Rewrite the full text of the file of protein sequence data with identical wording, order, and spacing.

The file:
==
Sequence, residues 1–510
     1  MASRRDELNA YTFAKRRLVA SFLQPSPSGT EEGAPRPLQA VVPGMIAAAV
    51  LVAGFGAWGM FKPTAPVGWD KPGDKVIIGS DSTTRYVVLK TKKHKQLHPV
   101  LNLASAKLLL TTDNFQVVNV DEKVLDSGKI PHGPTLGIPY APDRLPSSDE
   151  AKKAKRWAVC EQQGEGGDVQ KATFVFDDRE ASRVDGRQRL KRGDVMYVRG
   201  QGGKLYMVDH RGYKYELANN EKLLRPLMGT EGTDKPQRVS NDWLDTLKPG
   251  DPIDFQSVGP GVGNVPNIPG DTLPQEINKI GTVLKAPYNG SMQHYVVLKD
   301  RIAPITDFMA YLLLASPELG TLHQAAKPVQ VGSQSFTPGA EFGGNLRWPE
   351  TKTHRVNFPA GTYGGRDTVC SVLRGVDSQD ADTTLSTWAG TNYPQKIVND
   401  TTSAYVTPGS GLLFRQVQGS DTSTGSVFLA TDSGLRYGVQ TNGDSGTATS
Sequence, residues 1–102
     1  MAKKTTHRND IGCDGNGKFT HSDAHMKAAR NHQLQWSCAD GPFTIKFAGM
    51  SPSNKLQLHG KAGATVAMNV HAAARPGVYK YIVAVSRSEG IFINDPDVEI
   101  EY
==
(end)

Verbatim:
Sequence, residues 1–510
     1  MASRRDELNA YTFAKRRLVA SFLQPSPSGT EEGAPRPLQA VVPGMIAAAV
    51  LVAGFGAWGM FKPTAPVGWD KPGDKVIIGS DSTTRYVVLK TKKHKQLHPV
   101  LNLASAKLLL TTDNFQVVNV DEKVLDSGKI PHGPTLGIPY APDRLPSSDE
   151  AKKAKRWAVC EQQGEGGDVQ KATFVFDDRE ASRVDGRQRL KRGDVMYVRG
   201  QGGKLYMVDH RGYKYELANN EKLLRPLMGT EGTDKPQRVS NDWLDTLKPG
   251  DPIDFQSVGP GVGNVPNIPG DTLPQEINKI GTVLKAPYNG SMQHYVVLKD
   301  RIAPITDFMA YLLLASPELG TLHQAAKPVQ VGSQSFTPGA EFGGNLRWPE
   351  TKTHRVNFPA GTYGGRDTVC SVLRGVDSQD ADTTLSTWAG TNYPQKIVND
   401  TTSAYVTPGS GLLFRQVQGS DTSTGSVFLA TDSGLRYGVQ TNGDSGTATS
Sequence, residues 1–102
     1  MAKKTTHRND IGCDGNGKFT HSDAHMKAAR NHQLQWSCAD GPFTIKFAGM
    51  SPSNKLQLHG KAGATVAMNV HAAARPGVYK YIVAVSRSEG IFINDPDVEI
   101  EY